Moray-Speyside whisky industry at the centre of a sexism storm surrounding Jim Murray's Whisky Bible
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WHISKY has been hit by a sexism storm this week – with many of the industry's key players in Moray taking a stand against gender inequality.
At the centre of the storm is Jim Murray and his 'Whisky Bible', with freelance whisky journalist Becky Paskin describing the book as "sexist and vulgar" on social media.
Mr Murray, who has been writing the book, released annually, since 2003, accused Ms Paskin of an assault on free speech.
But a number of key players in Moray's whisky industry have backed Ms Paskin – or highlighted their anti-sexism stance – including Glenfiddich, Chivas Brothers, Diageo and Gordon & MacPhail.
Posting on social media, Ms Paskin said she found 34 references to whisky being "sexy" in the Whisky Bible 2020.
She gave a few examples of the alleged sexism, including one where Mr Murray writes "If whisky could be sexed, this would be a woman. Every time I encounter Morangie Artisan, it pops up with a new look, a different perfume. And mood. It appears not to be able to make up its mind. But does know how to pout, seduce and win your heart...? Oh yes."
She added: "Why does the whisky industry still hold Jim Murray's Whisky Bible in such high regard when his tasting notes are so sexist and vulgar?
"Much of the industry has been working hard to change whisky's reputation as a 'man's drink', but condoning, even celebrating, a book that contains language like this erases much of that progress and allows the objectification of women in whisky.
"Any brand celebrating their placement in Jim Murray's Whisky Bible should be ashamed."
Dufftown-based Glenfiddich said they "fully support" Ms Paskin "calling time on sexism in whisky".
They added: "It (sexism) has no place in our industry. Her (Becky's) comments have inspired us to review the partners we work with so we can be part of building a whisky community that is more open and inclusive.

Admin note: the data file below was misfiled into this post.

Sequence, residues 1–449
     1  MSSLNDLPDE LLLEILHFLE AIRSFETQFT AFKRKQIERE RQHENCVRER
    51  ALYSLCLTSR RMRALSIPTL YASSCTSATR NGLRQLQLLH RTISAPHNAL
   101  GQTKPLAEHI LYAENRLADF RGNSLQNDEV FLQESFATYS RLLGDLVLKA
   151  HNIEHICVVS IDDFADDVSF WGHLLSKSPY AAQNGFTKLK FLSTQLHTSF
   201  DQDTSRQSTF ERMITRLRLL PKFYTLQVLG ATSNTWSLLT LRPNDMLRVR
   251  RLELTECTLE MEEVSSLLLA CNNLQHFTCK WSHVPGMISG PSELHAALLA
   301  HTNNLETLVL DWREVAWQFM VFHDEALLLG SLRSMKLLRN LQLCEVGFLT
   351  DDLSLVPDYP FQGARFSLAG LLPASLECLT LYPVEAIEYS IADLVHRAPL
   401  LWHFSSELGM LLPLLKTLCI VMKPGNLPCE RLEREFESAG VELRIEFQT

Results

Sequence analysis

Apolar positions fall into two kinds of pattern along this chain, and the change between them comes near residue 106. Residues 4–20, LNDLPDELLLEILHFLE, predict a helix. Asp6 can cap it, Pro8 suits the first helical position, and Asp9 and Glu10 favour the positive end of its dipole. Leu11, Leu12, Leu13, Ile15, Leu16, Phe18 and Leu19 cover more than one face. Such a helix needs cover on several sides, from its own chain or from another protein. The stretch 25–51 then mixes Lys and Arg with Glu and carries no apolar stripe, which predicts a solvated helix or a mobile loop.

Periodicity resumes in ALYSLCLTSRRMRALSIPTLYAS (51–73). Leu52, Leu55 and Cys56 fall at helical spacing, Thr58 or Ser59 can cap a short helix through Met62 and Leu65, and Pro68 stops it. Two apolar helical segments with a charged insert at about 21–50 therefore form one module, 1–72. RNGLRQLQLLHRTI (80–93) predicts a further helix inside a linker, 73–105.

"It's never easy to be brave and take a stand so thank you for this Becky."
Meanwhile Chivas Brothers, Diageo and Gordon & MacPhail also released statements on the matter.
Mr Murray provided a long statement in retort, published on The Spirits Business , in which he accused those criticising him of an assault on free speech.
"This is not a matter of alleged sexism on the trumped up charges against me," he wrote. "This is an attack on the very essence of what it is to be a critic in any sphere. In other words: an attack on free thought and free speech.
"I am not sexist; the Whisky Bible is not sexist, has never been sexist and I will not bow to this faux outrage.
"How, in God’s name, can, for instance, likening a whisky to an orgasm be remotely construed as sexist? Last I heard, male, females, transgender people, everyone is capable of an orgasm.
"Some one million people have bought the Whisky Bible since it first came out in 2003 – and in that time I have not received a single letter, email or text complaining of its content. Not one. Suddenly, though…this. Several people writing exactly the same thing on the same day. Strange that.
"These outrageous and concocted allegations will not derail me in my life’s quest. My championing of great whisky will continue. My freedom of speech will continue."